Ryan handed out copies of the Arthritis Foundation publication When Your Student has Arthritis along with JA brochures and information on Caitlin’s medications.

Good Timing

Ryan recommends contacting the school at the beginning of summer vacation to put a new plan in place for the coming fall. “Generally, staff  are on duty for one additional week after the last day of school – and they are more relaxed, less stressed and able to give you some time to discuss the situation.”

This is also a good time to update existing plans for the coming year, she notes.

Taking time to meet and talk about possible changes to your 504 plan midyear is a good idea, especially as kids get older and shift from being in one classroom all day long to changing classes during the day.

Transition years between elementary and middle school or middle school and high school are key points to look over the plan. Most schools have an orientation night toward the end of the spring semester – you’ll want to attend and scope out your child’s new school. That’s also a good opportunity to bring up the subject with new teachers.

What’s in a Plan?

As for what a plan should address, think about how your child moves through an average day and how he copes with pain and stiffness. He may need extra time for bathroom breaks, might need to be allowed to use a rolling backpack instead of a shoulder bag or be provided a space to rest near the nurse’s station when he’s feeling bad. (Click here for a sampling of accommodations often used for kids with JA.)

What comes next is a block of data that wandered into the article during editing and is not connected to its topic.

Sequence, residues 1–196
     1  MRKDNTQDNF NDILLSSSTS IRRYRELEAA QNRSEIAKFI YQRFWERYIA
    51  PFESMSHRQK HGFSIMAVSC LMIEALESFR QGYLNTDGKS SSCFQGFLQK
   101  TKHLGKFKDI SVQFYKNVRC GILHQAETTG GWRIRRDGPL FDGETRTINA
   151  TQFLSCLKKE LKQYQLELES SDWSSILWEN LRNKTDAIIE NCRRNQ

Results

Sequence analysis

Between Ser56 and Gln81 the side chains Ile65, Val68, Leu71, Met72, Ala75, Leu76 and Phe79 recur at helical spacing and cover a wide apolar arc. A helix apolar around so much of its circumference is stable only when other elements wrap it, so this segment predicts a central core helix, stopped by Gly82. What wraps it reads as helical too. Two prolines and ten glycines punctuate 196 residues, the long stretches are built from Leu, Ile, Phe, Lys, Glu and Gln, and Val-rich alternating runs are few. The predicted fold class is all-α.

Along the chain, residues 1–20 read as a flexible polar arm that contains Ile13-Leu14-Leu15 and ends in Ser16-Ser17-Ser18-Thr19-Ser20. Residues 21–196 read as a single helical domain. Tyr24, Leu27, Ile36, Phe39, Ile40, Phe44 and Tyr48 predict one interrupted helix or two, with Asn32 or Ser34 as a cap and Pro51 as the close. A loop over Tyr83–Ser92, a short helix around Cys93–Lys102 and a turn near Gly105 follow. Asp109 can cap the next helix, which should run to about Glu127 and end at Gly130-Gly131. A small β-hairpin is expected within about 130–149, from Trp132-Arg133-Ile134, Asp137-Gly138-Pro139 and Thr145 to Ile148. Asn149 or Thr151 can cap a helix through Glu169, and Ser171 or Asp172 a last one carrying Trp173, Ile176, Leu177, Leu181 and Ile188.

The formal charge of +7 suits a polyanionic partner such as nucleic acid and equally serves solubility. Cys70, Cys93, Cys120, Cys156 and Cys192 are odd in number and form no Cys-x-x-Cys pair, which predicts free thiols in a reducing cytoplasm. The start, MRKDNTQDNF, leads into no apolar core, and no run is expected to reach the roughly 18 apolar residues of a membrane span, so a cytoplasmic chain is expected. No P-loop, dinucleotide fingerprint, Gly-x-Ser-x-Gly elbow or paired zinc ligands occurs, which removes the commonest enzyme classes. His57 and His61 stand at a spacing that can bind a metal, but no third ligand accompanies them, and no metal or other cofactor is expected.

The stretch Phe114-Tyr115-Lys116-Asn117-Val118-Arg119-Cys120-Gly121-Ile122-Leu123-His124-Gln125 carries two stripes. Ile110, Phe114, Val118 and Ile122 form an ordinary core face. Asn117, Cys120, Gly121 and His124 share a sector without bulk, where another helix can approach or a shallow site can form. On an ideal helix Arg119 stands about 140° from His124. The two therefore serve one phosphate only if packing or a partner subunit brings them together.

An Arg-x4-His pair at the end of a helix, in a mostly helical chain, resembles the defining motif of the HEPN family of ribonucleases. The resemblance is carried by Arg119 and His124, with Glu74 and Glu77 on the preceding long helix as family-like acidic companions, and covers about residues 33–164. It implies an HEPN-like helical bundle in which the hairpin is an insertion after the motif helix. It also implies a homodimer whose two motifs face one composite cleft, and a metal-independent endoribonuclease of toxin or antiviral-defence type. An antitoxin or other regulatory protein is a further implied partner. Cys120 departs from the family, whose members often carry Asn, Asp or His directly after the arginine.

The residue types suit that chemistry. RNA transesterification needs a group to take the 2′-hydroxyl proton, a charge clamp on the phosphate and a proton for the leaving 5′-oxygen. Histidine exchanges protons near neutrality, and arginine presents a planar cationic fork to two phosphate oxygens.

Wendy Gray says her son Austin, who hates to be singled out for his JA, kept a bright orange index card on his desk last year. “If he was hurting too much to keep working, all he had to do was put it on the corner of his desk.” Austin’s teacher could see he wasn’t feeling well, and give him a break.

Cooperation is Key

Even with the most comprehensive 504 plan possible in place, there’s one highly uncontrollable factor in play when it comes to making it work – your kid.

For example, Caitlin’s plan allows her to exempt herself from gym class on bad days. “If the class is told to run, and her knees and ankles and really sore – she can sit down while they run, or walk if she wishes,” says her mom.

Only problem is, Caitlin was likely to run anyway, so nobody would know about her arthritis, Ryan says.

Now Ryan lets teachers know when Caitlin isn’t feeling well and asks them to come up with creative alternatives. Instead of getting physical, she can count other students’ laps or do clerical work in the office.